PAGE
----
The story of the Passover is also a part of this Shabbat’s reading! There are many secrets in this week’s reading. I want to start with one that which is truly close to my heart.

We often forget that the drama of the Passover, and the theatrical aspects of the Passover show, are not issues of magic, or of witchcraft. The drama of the eating of the lamb in each household, while we are all dressed up and with a staff (wooden stick) in our hand, our shoes on, and while standing – what is this show about?

Here is the revelation of this secret:

“And it shall be, when your children say to you, ‘What do you mean by this service?’ that you shall say, ‘It is the Passover sacrifice of the Lord, who passed over the houses of the children of Israel in Egypt when He struck the Egyptians and delivered our households.’” – Exodus 12:26,27 [NKJV]

We see again the importance that the Lord places on our children. This text gives us the same priority that God presents in the Shema, which is considered the most important and the holiest text in the Bible that begins with this greatest of God’s commands:

“Hear, O Israel: The Lord our God, the Lord is one! You shall love the Lord your God with all your heart, with all your soul, and with all your strength.”

“And these words which I command you today shall be in your heart. You shall teach them diligently to your children, and shall talk of them when you sit in your house, when you walk by the way, when you lie down, and when you rise up. You shall bind them as a sign on your hand, and they shall be as frontlets between your eyes. You shall write them on the doorposts of your house and on your gates.” – Deuteronomy 6:4-9 [NKJV]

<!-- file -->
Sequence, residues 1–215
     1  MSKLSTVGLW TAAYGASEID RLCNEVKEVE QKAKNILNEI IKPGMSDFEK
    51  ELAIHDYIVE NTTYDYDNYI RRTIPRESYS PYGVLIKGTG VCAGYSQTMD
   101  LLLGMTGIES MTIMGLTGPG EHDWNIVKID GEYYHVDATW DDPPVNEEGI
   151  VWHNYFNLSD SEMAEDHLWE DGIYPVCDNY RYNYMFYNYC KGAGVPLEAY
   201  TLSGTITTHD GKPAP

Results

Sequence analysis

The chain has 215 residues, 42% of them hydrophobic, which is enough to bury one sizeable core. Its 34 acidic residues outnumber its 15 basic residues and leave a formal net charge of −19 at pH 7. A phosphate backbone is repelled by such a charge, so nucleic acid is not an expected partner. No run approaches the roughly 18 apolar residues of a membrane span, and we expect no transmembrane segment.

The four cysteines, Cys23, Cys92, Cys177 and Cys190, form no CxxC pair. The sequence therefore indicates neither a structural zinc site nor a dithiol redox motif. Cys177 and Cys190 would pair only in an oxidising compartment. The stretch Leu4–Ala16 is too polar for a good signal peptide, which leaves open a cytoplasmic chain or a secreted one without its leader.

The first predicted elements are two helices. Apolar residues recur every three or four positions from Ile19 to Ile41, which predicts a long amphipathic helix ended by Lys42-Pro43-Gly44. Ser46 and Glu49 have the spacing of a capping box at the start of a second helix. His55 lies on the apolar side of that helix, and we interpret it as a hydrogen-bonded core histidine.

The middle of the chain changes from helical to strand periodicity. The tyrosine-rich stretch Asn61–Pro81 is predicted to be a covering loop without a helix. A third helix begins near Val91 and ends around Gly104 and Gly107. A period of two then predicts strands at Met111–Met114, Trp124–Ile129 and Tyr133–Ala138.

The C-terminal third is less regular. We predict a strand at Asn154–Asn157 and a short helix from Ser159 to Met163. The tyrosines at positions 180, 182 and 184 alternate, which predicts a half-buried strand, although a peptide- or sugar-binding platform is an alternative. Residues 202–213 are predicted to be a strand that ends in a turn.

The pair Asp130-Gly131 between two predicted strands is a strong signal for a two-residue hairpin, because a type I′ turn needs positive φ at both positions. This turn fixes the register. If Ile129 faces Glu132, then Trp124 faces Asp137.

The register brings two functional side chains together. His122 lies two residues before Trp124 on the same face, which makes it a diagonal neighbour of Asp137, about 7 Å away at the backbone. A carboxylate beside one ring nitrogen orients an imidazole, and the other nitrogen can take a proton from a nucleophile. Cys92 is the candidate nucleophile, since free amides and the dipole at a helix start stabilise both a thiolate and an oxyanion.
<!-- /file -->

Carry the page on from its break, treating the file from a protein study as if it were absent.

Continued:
(Note: After the great declaration, “The Lord our God is One!” The Lord focuses our attention – our minds and our hearts – on our children, on our homes, houses, and on our daily schedules. There is not some great theological reference to the nature of God, to the angels, or to the Messiah.)

Today, we don’t really have a real biblical Passover celebration. What we have is a dinner and a retelling of the Passover exodus. There are symbolic representations of what was.

However, even today the children play an important role. From the beginning to the end, from the opening with “Ma Nishtana” (the four questions) to the end with the finding of the afikoman (hidden piece of matzah) by the children.

We must refocus our ministry and restore the focus that God’s word prescribed a long time ago. The greatest treasure that God gave us is our future generations. The treasure He entrusted to us is our next generations. Not our theological beliefs. We must remember that one of the qualifications for being an elder or a pastor is that he has faithful children.